Tuesday, July 18, 2017

Traveling Light - Leaving Baggage Behind -

A key tenant for chaplains endorsed by my endorsing organization (CPSP) is that we "travel light." This belief is that we hold no animosity toward others, we choose to not judge, we carry no bundles of books and robes and collars and banners, and we own no buildings. We are travelers, bringing with us who we are, not what we have.

This principle goes well with my personal beliefs - baggage only makes the journey harder, heavier, less enjoyable.

When I was going through cancer treatments, there were days when I lay in bed and cleared my mind - sorted and sifted through my own emotional baggage, and asking for forgiveness where possible, giving forgiveness where necessary.

And on the days when my blood count was low, but I was functioning, I sorted and sifted through my house. Cabinet by cabinet, room by room, corner by corner, I touched and tossed or saved every single item in my house.

By the time April 18, 2013 rolled around, my mind and my house were much lighter.

But just because my house is more clean and better organized does not mean my traveling lighter has ended. I notice my baggage often, and I try to attack it immediately rather than letting it sit around taking up space.

For instance - my "no" last week? That mess was with me for quite some time, but as soon as it was over, I reviewed the experience, looked for what I could learn from it, and then moved past it. In fact, even the thought of undertaking that potential journey was heavy, there was baggage from the beginning that I would have to carry - baggage that was not mine. Last week an encounter with a work colleague that wasn't smooth took a short, "I'm sorry, how can I do better," and then a promise to do so, and a step forward. Today I had a tiny melt-down with Scott. And rather than even carry that with me through the day, I quickly owned my anger (really anxiety and doubt), asked for forgiveness, and moved into the day - and thank heavens so did Scott, also choosing to travel light. Emotional house cleaning is as beneficial as literal, and when the two are combined, as they were today, well, I feel so much better - and both of my houses look dandy!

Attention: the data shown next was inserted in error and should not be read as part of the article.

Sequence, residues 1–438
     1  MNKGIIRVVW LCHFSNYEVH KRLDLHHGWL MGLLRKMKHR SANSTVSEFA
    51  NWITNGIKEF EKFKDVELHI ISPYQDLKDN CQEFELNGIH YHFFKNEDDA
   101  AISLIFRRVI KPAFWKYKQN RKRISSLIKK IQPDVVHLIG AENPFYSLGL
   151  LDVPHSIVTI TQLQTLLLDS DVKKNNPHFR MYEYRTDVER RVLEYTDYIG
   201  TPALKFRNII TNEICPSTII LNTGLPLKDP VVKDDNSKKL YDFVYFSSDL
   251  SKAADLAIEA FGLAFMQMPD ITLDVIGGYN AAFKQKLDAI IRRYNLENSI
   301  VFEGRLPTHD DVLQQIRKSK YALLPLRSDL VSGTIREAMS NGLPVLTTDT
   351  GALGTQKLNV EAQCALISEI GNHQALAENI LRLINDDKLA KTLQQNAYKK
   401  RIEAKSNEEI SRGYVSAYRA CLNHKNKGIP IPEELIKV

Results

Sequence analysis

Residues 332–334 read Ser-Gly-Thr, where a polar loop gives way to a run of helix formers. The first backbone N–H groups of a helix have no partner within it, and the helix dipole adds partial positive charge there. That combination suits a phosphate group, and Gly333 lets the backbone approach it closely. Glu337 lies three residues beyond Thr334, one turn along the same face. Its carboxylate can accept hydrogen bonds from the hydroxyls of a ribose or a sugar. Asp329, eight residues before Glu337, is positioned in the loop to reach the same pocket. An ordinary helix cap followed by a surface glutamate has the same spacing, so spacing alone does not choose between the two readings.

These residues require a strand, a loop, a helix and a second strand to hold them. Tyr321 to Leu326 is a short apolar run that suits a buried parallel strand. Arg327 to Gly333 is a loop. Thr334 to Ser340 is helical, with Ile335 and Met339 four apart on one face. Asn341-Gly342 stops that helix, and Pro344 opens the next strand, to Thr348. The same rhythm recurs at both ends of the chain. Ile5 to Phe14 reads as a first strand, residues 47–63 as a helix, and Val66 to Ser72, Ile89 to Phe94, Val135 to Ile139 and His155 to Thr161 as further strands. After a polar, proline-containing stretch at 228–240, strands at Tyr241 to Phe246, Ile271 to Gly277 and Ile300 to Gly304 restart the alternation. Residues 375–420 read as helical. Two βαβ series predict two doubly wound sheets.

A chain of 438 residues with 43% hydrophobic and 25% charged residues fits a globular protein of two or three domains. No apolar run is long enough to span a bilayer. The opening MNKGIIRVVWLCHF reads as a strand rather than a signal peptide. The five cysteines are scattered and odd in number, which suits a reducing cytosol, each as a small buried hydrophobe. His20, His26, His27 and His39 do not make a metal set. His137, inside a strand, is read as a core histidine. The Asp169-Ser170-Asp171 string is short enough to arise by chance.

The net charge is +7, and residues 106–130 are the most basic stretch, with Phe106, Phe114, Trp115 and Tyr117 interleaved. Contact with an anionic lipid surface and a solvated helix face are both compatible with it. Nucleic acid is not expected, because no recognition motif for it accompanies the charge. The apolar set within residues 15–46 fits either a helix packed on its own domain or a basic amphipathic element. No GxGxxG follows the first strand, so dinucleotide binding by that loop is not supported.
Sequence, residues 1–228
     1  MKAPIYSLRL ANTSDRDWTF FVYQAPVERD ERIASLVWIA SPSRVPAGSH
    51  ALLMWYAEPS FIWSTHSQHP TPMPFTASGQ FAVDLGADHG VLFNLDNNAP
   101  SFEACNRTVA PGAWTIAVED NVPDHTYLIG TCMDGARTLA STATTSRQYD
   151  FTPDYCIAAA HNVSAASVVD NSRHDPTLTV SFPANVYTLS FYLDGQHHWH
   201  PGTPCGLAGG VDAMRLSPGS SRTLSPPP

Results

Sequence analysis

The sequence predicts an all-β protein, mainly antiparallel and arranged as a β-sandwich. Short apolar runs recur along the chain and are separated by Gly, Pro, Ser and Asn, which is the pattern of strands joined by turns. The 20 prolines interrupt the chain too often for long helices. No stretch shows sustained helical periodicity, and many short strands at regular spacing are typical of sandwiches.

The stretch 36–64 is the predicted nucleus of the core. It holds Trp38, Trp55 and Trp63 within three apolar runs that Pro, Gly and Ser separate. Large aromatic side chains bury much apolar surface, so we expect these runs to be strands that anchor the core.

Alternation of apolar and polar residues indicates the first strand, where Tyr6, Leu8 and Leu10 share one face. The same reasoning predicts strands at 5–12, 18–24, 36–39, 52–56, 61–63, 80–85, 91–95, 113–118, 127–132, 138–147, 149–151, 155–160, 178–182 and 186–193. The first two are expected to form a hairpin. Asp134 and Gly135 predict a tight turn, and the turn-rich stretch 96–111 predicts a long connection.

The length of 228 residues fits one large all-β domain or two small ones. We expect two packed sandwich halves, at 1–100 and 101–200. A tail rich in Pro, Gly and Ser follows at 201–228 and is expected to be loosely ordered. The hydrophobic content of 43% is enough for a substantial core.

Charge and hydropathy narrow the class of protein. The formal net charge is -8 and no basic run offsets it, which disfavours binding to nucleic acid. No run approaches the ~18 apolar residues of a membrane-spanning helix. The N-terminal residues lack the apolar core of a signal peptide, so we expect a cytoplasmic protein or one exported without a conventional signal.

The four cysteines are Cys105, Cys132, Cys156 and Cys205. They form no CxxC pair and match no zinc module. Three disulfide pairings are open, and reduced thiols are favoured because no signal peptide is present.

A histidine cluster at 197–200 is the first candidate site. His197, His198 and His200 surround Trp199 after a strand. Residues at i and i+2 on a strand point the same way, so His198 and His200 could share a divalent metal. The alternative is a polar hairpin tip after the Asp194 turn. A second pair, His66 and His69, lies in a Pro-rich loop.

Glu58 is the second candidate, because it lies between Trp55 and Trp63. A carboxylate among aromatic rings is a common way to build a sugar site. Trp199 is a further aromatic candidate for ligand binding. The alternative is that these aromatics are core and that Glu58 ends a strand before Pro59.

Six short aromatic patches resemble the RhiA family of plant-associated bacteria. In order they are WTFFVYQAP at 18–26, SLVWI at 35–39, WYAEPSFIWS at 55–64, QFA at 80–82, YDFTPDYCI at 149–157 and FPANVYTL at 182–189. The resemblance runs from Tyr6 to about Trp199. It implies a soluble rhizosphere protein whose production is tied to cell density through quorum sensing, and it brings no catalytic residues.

When we left for Amsterdam we took an extra piece of luggage, just for keepsakes, and we spent a decent amount of time looking for things we could bring home - mementos as well as gifts. And the gifts we shared were awesome and well received.

But we decided our trip to Switzerland would be a great opportunity to travel lighter, with only our backpacks and no room for souvenirs.

Talk about freedom! Traveling around the country with only what we could carry on our back gave us the opportunity to not shop, but to look, linger, savor, our experiences. We each bought a small item, and we brought home some chocolate, but otherwise, we arrived home with what we took from home. Wow - did that make unpacking easy!

Now I'm not talking about living a life with no obligations, responsibilities, or memories, but I do know this - that when I'm traveling - whether in my heart, my mind, or with my own two feet, that I'm lighter when I'm carrying less - when I'm not burdened, but lightened by my load.

As a chaplain this is extraordinarily important - if I bring my burdens into a visit with a patient, they can sense this; I add to their load, and then, interestingly, I add their load to mine - I don't want to bring any type of illness "back with me." As a teacher this is so important - if I carried every student's "my dog at my paper," excuse I would be stuck under a pyramid of dog poop. I listen, reflect, and then move on, praying those I serve will find answers to their burdens, not praying that I will find an answer to their burden. And when I travel - particularly lately - I enjoy the few items in my suitcase, but knowing my choices are limited leaves me free to use my energy in other ways - especially of having experiences that will turn in to fond memories.

And my house? Oh goodness - ask me - "Where is your . . . " Because I'll know. I won't have to wonder and hunt and sort through piles to find it.

I keep reminding myself that the only things I can take with me are my experiences and my memories, and I will not leave my burdens or things, for someone else to carry when I'm gone. Some days I carry excess baggage, too much, belongs to someone else; I think we all do. But I find when I drop what's not mine, the world is a better place for everyone.

Travel light - part of the Hygge experience, part of Nourishing myself, Gleaning - taking only what I need, what I can use.

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